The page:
In yet another decision that underscores the “elemental tenet” of arbitration that a party cannot be compelled to arbitrate if he or she has not agreed to arbitrate, the Massachusetts Appeals Court recently ruled that a non-signatory to an agreement cannot be compelled by a signatory to arbitrate a dispute that the non-signatory did not agree to arbitrate.
The case, Walker v. Collyer, 85 Mass.App.Ct. 311 (2014), involved a medical malpractice claim. The doctor was an independent contractor of the facility. At the time of the intake, the facility had signed an agreement with the patient that included a clause stating that all disputes, including malpractice claims, would be decided by arbitration. The patient and the facility signed the agreement. The doctor never signed the agreement.
After the patient died, the executrix of the patient’s estate brought an arbitration claim against the doctor, the facility, and the facility’s parents company. The doctor, arguing that he had never agreed to arbitrate, was compelled by the arbitrator to arbitrate the dispute. The doctor then sought relief from the superior court under M.G.L. c. 251, § 2(b ), arguing that the arbitrator lacked the authority to compel him to arbitrate and that he was not bound by the agreement because he did not sign it. The superior court disagreed with the doctor and compelled him to arbitrate. The doctor appealed to the Appeals Court, which reversed the decision and held that the doctor was not compelled to arbitrate the dispute.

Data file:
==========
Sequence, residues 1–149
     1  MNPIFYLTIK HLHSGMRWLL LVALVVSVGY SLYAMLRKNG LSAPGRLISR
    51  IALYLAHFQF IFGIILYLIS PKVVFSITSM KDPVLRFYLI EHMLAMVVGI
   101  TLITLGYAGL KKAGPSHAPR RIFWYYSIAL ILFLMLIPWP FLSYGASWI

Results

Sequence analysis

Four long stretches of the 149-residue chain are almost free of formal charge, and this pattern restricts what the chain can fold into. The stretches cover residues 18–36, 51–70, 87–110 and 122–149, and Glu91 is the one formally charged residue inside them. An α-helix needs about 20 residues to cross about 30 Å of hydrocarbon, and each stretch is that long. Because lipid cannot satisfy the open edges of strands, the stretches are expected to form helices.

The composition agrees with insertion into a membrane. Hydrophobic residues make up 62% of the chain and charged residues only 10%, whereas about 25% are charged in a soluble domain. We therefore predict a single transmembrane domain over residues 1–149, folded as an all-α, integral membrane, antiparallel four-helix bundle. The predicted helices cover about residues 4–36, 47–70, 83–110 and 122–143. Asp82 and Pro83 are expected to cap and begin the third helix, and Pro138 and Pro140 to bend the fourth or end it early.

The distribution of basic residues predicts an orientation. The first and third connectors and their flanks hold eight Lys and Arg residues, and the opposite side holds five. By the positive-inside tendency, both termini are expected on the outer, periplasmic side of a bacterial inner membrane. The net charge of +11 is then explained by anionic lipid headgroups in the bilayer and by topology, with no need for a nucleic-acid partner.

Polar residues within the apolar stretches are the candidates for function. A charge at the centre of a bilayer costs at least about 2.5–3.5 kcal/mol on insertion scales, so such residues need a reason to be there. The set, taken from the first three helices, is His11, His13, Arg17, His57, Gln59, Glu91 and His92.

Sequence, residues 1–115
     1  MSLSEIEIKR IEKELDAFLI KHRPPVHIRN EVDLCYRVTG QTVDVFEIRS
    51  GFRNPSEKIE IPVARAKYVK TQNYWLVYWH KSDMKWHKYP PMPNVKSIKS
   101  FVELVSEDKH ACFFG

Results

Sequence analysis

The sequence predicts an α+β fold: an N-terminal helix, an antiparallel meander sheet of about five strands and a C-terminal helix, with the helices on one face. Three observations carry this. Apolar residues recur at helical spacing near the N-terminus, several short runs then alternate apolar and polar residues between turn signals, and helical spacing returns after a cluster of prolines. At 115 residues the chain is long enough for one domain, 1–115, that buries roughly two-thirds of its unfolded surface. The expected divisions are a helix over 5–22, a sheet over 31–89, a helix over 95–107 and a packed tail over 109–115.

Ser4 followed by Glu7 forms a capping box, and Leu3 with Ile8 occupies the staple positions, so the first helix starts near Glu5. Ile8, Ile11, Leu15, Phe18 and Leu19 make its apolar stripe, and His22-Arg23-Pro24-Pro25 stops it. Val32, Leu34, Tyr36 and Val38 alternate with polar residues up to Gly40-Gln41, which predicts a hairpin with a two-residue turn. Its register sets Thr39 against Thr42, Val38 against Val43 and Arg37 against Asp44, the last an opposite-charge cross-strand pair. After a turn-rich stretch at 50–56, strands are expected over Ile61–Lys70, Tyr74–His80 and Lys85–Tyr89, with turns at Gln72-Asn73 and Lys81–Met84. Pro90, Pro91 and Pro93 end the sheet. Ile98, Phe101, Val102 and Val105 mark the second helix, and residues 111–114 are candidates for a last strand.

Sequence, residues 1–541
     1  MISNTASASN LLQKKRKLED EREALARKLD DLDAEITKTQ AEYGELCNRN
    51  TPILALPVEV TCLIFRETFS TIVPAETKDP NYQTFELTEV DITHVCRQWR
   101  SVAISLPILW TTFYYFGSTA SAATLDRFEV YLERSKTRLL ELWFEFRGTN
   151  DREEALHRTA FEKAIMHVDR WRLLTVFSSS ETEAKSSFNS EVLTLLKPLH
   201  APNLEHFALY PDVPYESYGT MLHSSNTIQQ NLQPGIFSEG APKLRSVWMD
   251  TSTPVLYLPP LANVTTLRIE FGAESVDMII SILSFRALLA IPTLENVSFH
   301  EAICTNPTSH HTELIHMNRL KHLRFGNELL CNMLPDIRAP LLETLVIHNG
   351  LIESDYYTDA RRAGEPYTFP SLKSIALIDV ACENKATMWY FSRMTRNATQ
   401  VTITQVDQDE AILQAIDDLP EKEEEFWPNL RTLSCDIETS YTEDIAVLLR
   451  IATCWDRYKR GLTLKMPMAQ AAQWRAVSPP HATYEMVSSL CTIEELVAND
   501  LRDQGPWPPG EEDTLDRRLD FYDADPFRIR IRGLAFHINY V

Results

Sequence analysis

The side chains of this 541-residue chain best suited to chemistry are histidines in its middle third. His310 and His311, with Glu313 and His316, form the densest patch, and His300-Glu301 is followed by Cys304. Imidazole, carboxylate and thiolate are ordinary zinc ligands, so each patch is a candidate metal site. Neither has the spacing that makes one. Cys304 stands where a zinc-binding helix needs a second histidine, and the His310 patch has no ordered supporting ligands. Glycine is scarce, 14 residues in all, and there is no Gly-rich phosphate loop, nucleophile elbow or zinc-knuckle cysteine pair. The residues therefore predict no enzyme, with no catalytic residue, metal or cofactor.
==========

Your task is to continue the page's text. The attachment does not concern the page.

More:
The court began by asking whether the court or the arbitrator had the authority to determine the threshold issue of whether or not the doctor was bound to arbitrate the claim. The court held that, because the question was about whether there actually was an agreement to arbitrate, the court should be the one to decide that gateway issue.
The court then moved on to the question of whether a party could be compelled to arbitrate when the party had never signed the arbitration agreement. Although courts will occasionally enforce agreements to arbitrate against non-signatory parties, they do so only under very limited exceptions that are rooted in contract law. In this case, because there never was an agreement to arbitrate and none of the exceptions applied, the court held that the doctor could not be compelled to arbitrate.
Accordingly, the court added another brick to the great wall of case law that supports the notion that arbitration is a creature of agreement – only parties who have agreed to arbitrate a dispute can be compelled to participate in arbitration.